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Agents risk becoming 'commoditised'

By Michael Crawford
23 October 2014 | 1 minute read

Estate agents must provide more value to customers than merely processing a transaction, or risk becoming a commodity should they fail to step up and do more for customers.

Smaller practices are often nimbler than franchises and have stronger ties to the community, which may assist as a way to ‘future-proof’ a business.

Christopher Bates, founding director of Canopy Private Financial Advisers, said the problem affecting today’s estate agents is that whether you are selling or renting the challenge is if a client only sees you as a basic service provider and doesn’t value what you can do.

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“The industry is becoming commoditised. By the time potential buyers have approached a real estate agent they have already looked at 15 properties and it is getting easier for people not to need an estate agent,” Mr Bates said.

“Expectations for property sales come in so high and even if you are great at what you do and perform great service, people don’t always see the value in that because clients expect only the best price, whereas the value for an estate agent is taking a much better holistic approach.

“To start offering value you have to understand the ways you can help to educate clients on all the areas they need to think about… the market is hot at the moment, there is a lot more stock on the market and in those times people are going to go to an estate agent they trust and stop seeing their relationship as only transactional.”

Empire Estate Agents principal Jamie Horner said there was an era where both buyers and vendors completely discounted estate agents and stopped using them. Ms Horner said, in general, potential buyers and vendors did this to avoid paying fees, but often only two or three weeks into the campaign decide it’s worth the money to hire an agent to sell on their behalf.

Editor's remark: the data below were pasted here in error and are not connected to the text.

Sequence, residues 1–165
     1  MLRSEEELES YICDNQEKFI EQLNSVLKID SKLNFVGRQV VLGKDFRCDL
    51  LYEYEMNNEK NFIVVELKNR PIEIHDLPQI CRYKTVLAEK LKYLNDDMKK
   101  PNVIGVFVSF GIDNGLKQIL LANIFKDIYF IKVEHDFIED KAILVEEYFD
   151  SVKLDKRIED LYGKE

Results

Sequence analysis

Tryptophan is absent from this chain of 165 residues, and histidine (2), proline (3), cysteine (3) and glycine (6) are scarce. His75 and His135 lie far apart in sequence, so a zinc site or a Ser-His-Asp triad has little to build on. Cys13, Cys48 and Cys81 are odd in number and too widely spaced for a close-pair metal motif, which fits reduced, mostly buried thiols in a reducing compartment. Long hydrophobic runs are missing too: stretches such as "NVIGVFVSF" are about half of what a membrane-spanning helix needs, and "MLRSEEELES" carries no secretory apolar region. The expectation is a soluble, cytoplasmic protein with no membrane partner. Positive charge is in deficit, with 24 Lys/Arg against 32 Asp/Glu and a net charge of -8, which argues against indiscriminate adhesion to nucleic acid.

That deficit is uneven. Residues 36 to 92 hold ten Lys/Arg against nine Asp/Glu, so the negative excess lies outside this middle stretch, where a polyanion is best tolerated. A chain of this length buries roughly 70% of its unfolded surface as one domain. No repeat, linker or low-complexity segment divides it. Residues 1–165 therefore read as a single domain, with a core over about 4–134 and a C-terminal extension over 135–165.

“About 10 years ago everyone was attempting to sell their properties themselves but they missed out on market knowledge and how best to design contracts, and of course, how to negotiate effectively,” Ms Horner said.

“The value an estate agent offers now goes beyond the transaction because they advise on presentation and marketing and have a high level of experience with what works for digital photography styles and property marketing since people often buy from photographs.

“Negotiation of price is always where an estate agent becomes an objective asset as well as during the home opening, inspections and while getting ready for an inspection. Some people can take between six months and a year to make a home ready for actual presentation.”

McCarthy Real Estate principal Gerard McCarthy said organising quotes for important things such as landscaping, painting and flooring is integral to adding value to a property.

Mr McCarthy said while all the niceties of marketing put a house in its best light, often the worth of a real estate agent comes to play during sale negotiations.

“There’s also the skill of not disclosing the price at auction and letting the market determine the price, or allowing buyers to reach a figure they are willing to pay,” he said. 

Agents risk becoming 'commoditised'
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